In February 2010, authorities arrested five people accused of selling used cars and illegal Pennsylvania insurance policies to more than 200 New York residents. These insurance policies were obtained from various insurance companies using forged documents with fake Pennsylvania addresses. All vehicles were registered to one of four Pennsylvania addresses.
“Auto insurance evasion is a fraud with ripple effects,” said Senator Jeffrey D. Klein, (D-Bronx/ Westchester). “This criminal activity leads in many instances to unsafe drivers on the road, higher taxes to offset revenues that rightly belongs to state and local governments, and higher premiums for everyone else. This has to stop and I believe that the legislation crafted by the Independent Democratic Conference will go a long way toward ending this harmful and illegal behavior.”
The IDC's bill, (S.988), will:
Direct the Superintendent of State Police to establish a state-wide Insurance Fraud Reward Program paying between $1,000 and $5,000 to those who provides information leading to the arrest and conviction of persons guilty of insurance fraud. The program would be funded through the State Police Motor Vehicle Law Enforcement Account.
Grant the State Superintendent of Insurance expanded authority to investigate auto evasion fraud;
Expand the definition of the class D felony of forgery in the 2nd degree to include forgery of a certificate of insurance or an insurance ID card;
Expand the class C felony of forgery in the 1st degree to include forgery of 10, or more, written instruments such as certificates of insurance, or insurance ID cards;
Expand the definition of insurance fraud to include any false document used to secure insurance coverage, file a claim or obtain payment for coverage;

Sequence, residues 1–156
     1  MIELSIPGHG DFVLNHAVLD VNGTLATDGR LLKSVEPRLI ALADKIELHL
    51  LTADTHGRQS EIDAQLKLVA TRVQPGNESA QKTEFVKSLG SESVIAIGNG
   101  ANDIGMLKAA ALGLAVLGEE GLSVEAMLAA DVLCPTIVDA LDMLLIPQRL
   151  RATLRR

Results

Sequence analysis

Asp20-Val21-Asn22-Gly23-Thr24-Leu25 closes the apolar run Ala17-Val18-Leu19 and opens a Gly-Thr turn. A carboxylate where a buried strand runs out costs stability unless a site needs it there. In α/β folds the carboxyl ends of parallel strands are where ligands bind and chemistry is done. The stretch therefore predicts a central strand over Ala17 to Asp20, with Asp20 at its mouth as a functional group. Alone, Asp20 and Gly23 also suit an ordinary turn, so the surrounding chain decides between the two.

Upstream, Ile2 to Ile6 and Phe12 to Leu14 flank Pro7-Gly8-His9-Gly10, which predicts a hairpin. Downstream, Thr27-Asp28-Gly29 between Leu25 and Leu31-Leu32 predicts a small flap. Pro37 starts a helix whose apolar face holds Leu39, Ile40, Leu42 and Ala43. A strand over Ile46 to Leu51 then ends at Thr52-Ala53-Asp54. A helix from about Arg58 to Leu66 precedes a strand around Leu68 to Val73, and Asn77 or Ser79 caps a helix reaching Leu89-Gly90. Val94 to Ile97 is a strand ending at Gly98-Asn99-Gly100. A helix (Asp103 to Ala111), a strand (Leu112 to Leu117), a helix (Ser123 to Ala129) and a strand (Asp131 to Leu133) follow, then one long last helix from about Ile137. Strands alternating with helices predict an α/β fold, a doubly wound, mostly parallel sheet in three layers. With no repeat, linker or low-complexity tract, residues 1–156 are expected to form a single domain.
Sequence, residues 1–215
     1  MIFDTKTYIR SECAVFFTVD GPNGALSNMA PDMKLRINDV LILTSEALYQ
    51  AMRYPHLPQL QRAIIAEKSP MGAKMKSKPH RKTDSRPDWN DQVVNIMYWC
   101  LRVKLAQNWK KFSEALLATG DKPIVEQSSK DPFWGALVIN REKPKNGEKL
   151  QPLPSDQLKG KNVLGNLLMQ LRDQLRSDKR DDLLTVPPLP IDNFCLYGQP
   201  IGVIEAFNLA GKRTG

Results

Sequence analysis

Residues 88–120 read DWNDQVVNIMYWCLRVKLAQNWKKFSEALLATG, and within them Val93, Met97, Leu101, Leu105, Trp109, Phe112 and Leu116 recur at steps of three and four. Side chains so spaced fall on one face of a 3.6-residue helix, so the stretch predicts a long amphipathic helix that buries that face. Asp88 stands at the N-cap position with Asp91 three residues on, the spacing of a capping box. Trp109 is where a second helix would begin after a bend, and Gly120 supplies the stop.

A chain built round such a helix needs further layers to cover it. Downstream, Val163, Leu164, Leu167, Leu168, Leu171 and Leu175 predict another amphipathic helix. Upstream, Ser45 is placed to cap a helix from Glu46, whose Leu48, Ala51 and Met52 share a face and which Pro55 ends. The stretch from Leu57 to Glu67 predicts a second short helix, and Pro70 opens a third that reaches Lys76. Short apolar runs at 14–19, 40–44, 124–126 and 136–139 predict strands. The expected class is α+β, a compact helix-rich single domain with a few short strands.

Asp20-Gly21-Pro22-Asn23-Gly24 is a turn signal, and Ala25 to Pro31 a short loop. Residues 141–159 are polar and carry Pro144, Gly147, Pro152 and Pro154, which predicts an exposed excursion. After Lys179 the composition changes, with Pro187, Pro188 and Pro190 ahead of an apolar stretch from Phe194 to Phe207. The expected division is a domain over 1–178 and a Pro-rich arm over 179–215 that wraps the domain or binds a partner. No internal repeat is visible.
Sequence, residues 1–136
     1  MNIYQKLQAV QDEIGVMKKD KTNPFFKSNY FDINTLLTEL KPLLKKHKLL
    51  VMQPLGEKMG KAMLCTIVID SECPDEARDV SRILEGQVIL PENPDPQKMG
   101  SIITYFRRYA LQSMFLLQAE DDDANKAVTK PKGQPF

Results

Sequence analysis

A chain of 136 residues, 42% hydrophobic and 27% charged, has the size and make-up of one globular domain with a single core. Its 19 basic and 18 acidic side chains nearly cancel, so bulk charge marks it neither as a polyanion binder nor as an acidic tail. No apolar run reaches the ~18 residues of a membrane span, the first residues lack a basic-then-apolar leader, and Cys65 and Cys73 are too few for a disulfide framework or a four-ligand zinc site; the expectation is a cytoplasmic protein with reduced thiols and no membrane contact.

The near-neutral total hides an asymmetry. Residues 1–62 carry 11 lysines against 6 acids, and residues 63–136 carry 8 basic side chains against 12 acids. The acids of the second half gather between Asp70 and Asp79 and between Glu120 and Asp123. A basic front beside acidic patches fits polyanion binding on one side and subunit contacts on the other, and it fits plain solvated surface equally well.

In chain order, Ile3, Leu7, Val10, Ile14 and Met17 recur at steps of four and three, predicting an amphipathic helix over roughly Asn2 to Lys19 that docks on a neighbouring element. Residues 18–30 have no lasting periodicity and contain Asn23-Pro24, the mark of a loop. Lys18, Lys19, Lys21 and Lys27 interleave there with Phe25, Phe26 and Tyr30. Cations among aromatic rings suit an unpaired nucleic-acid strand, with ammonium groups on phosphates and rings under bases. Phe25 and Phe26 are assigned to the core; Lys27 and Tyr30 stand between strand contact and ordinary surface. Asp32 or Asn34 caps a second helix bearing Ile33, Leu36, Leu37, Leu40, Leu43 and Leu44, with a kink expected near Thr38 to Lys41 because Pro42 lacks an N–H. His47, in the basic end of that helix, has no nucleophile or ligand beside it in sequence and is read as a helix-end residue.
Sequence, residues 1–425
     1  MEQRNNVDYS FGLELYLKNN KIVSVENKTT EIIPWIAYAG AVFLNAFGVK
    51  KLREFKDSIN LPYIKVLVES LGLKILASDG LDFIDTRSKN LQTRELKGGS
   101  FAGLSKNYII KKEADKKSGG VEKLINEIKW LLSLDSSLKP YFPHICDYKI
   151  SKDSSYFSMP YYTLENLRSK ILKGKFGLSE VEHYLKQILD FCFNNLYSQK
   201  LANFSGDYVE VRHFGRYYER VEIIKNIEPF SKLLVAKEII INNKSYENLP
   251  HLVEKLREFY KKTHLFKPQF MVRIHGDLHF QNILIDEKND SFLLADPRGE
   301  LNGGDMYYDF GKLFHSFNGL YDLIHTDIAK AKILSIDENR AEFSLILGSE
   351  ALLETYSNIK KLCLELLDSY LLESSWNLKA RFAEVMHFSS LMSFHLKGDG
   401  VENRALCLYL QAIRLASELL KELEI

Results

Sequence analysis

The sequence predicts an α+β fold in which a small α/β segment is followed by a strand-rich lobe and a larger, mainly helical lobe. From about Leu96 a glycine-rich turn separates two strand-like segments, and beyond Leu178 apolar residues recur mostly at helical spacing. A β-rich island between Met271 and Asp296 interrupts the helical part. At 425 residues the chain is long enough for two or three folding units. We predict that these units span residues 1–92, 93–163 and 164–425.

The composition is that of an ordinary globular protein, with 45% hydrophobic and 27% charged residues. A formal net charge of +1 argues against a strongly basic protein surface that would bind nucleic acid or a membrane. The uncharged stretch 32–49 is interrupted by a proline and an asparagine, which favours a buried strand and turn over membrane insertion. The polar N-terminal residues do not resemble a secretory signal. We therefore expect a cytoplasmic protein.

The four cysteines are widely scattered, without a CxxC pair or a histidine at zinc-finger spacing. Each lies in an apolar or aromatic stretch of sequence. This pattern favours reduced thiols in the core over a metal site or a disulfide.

Grant law enforcement access to any individual’s street address provided to the DMV to obtain a license; and
Create a temporary Task Force on motor vehicle insurance fraud to further examine and develop more comprehensive solutions to this issue.
“Insurance fraud is a serious issue that affects all regions of New York State, and this legislation will give law enforcement the tools it needs to help eliminate this costly and dangerous problem,” said Senator David J. Valesky, (D-Oneida.)
Ellen Melchionni, President of the New York Insurance Association, said: “Rate evasion is a serious problem in New York. The current laws for this crime are so weak that criminals aren’t afraid to commit fraud and steal money from the pockets of New York drivers. We thank the members of the Independent Democratic Conference for introducing legislation to make this form of insurance fraud a felony.”
John Sargent, Chair of New Yorkers Against Auto Insurance Fraud, said: “Insurance rate evasion is an issue that negatively effects the New York State economy and forces honest drivers to pay for those who have chosen to lie and not pay what they truly owe.”
Jack Houston, Investigations Unit Manager for the New York Automobile Insurance Plan, said: “Auto insurance evasion is a real and persistent problem for which every New York driver ends of paying the price. Look around, and anywhere in New York, you will find cars with license plates from Pennsylvania, Rhode Island, and North Carolina. The legislation that was announced today is needed to help crack down on this practice and put everyone on equal footing.”